Materials and methods

Specimen acquisition

Specimens were collected under an exempt research protocol approved by the 59th MDW Institutional Review Board (IRB # FHW20200103E) with a waiver of informed consent for the use of residual specimens for sequencing and epidemiological studies. The BinaxNOW™ COVID-19 Ag Card (Abbott) was used to test basic medical trainees for SARS-CoV-2 [17]. Excess clinical specimens were de-identified, the entire card placed in a plastic biohazard bag, and samples transferred to the Clinical Investigations and Research Support (CIRS) laboratory.

Specimen preparation

The antigen card swabs were gently removed from completed tests, placed in a 15 mL conical tube with 500 μL DNA/RNA Shield (Zymo Research, Catalog #R1100), and stored at 4°C until RNA extraction. The positive line of the LFA test strip was excised and placed in 500 μL of DNA/RNA shield and stored in a 2 mL cryovial at 4°C until RNA extraction.

RNA extraction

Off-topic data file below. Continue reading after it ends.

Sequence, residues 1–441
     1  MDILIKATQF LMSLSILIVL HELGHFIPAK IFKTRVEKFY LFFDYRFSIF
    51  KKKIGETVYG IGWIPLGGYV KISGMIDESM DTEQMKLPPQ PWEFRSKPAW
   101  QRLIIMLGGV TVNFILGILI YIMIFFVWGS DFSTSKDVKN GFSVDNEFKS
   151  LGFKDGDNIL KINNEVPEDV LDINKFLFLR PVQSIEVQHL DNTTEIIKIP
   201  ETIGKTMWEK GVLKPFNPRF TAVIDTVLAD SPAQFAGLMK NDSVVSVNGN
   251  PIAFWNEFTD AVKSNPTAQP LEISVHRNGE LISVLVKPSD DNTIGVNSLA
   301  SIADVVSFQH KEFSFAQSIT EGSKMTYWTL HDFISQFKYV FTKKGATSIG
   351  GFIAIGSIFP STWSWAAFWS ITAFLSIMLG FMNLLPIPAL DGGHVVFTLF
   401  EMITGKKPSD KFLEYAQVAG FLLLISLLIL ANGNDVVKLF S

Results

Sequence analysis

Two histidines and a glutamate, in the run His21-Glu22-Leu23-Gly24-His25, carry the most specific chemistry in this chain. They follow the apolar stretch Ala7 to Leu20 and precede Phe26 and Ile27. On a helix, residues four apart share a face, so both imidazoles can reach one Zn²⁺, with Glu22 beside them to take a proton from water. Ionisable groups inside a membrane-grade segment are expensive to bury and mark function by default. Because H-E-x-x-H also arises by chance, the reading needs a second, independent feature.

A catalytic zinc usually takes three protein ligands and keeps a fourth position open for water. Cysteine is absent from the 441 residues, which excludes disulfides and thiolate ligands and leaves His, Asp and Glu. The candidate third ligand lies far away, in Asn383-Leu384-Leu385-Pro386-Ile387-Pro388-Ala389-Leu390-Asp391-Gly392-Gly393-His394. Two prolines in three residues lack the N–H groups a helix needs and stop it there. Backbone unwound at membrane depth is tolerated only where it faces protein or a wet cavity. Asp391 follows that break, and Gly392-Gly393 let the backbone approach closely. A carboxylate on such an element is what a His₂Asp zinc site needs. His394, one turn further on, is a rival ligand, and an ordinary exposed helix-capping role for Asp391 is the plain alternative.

Samples were extracted using the EZ1 Virus Mini Kit v2.0 (Qiagen, Catalog # 955134), per the manual. 400 μL of sample was extracted and eluted into 60 μL AVE buffer (supplied in the kit). The following controls were run with each extraction: (1) positive control, which was a nasopharyngeal swab of SARS-CoV-2 diluted to achieve a CT of approximately 25, and (2) a negative control, which was 200 μL nuclease-free water and 200 μL of DNA/RNA Shield. The extracted RNA was frozen at -80°C or used immediately for RT-PCR.


The following primers were utilized: N1 Forward, 5’-GACCCCAAAATCAGCGAAAT-3’, N1 Reverse, 5’-TCTGGTTACTGCCAGTTGAATCTG-3’, N1 FAM probe, 5’-(FAM)ACCCCGCATTACGTTTGGTGGACC(3’-BHQ-1)-3’, RP Forward, 5’-AGATTTGGACCTGCGAGCG-3’, RP Reverse, 5’-GAGCGGCTGTCTCCACAAGT-3’, and RP Cy5 Probe 5’-(Cy5)TTCTGACCTGAAGGCTCTGCGCG(3’-BHQ-3)-3’. 20 μL reactions (15 μL master mix + 5 μL RNA) were prepared using TaqPath™ 1-Step Multiplex Master Mix (No ROX) (ThermoFisher Cat. # A28523) and 20X primer/probe mix. The final primer concentrations per reaction were: N1 Forward & Reverse Primers (400 nM), N1 Probe (200 nM), RF Forward & Reverse Primers (200 nM), and RP Probe (100 nM). The plate was run on the QuantStudio 7 under the following conditions: 25°C for 2 min, 53°C for 10 min, 95°C for 2 min, and 45 cycles of 95°C for 3 sec then 60°C for 30 sec. Fluorescence was detected at the end of each 60°C cycle.